Youth and Junior Athletes
Youth and junior development is the future of triathlon. As more young athletes enter the developmental pipeline, coaches need to be aware of how nutrition can impact these impressionable athletes. Little research exists that outlines the nutrition knowledge and dietary practices of youth and junior athletes. The little information that does exist suggests that these athletes in particular are generally uninformed about sound nutritional practices specific to their needs. This places youth and juniors at a high risk for poor nutritional status and nutritional deficiencies.
The nutritional requirements for youth (5-13) and junior (13+) athletes are similar to adults, with the most significant difference being the higher caloric need that supports growth. young athletes generally have a poor knowledge of nutrition and its impact on health and performance. Their main source of nutrition information is from teachers, parents and coaches. If dietary intake is insufficient in terms of the needs for growth, then the energy demands for sports training can have a potentially negative impact on the growth and biological development of the youth and junior athlete.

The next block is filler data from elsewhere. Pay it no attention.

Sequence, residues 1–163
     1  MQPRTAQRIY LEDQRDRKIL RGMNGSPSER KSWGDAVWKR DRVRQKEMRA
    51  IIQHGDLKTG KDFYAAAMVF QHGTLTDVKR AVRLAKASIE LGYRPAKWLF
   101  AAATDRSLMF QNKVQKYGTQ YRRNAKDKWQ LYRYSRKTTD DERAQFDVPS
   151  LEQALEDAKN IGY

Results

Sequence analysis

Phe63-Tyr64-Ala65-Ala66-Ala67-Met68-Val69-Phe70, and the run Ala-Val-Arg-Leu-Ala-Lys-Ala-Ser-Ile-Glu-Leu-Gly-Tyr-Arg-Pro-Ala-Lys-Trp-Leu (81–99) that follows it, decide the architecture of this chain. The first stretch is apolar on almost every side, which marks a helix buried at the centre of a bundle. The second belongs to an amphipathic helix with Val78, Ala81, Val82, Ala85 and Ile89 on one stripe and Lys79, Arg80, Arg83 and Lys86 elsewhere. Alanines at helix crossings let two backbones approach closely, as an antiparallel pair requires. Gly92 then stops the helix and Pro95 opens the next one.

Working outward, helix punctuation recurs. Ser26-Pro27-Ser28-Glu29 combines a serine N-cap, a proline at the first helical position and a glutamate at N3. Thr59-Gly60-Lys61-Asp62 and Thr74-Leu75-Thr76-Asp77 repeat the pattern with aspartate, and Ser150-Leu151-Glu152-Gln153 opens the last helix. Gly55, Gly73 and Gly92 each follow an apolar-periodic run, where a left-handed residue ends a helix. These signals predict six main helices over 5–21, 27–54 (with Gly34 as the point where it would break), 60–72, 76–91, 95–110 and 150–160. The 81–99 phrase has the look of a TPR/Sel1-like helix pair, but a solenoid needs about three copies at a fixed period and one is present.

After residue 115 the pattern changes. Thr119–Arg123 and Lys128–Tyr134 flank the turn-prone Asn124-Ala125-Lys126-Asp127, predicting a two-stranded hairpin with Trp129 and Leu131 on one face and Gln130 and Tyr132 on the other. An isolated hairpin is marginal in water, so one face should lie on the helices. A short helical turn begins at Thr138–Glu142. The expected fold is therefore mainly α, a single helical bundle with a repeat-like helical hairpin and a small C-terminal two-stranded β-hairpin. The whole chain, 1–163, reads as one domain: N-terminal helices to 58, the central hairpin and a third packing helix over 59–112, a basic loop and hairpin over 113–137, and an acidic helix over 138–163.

The American Academy of Pediatrics Policy Statement emphasizes that:
• Under high climatic heat stress, physically active children do not respond physiologically as well as adults. When compared to adults, children and adolescents absorb more heat from the environment when it is hot, sweat less efficiently, and produce more metabolic heat during exercise.
• Juniors are more susceptible to dehydration and heat illness when active in the heat.
• As the season changes from cold to warmer weather, juniors acclimate better to the heat by reducing intensity of activities lasting longer than 15 minutes. The coach can gradually increase intensity and duration of activity back to normal levels over a 10 to 14 day period.
• Juniors need to drink enough fluids to replenish fluid losses incurred during training. Although water may be readily available to drink, a flavored beverage may be preferred as juniors will drink more of it. Another way to enhance a young athlete’s thirst is to include a flavored beverage that contains sodium chloride, as this helps to increase voluntary drinking by up to 90% with some estimates.
The American Academy of Pediatrics guidelines for fluid intake during activity are:
• 88 lbs (40kg) should consume ~ 5 oz (150 ml) per 20 minutes of activity
• 132 lbs (60kg) should consume ~ 9 oz (250 ml) per 20 minutes of activity
Under no circumstances should coaches recommend any nutrition or dietary supplements to children or adolescent athletes. The athlete’s physician or licensed nutrition professional should handle supplementation issues. In addition, coaches should exercise extreme caution when discussing body shape, weight or appearance since athletes at this age are very impressionable and at risk for the development of an eating disorder.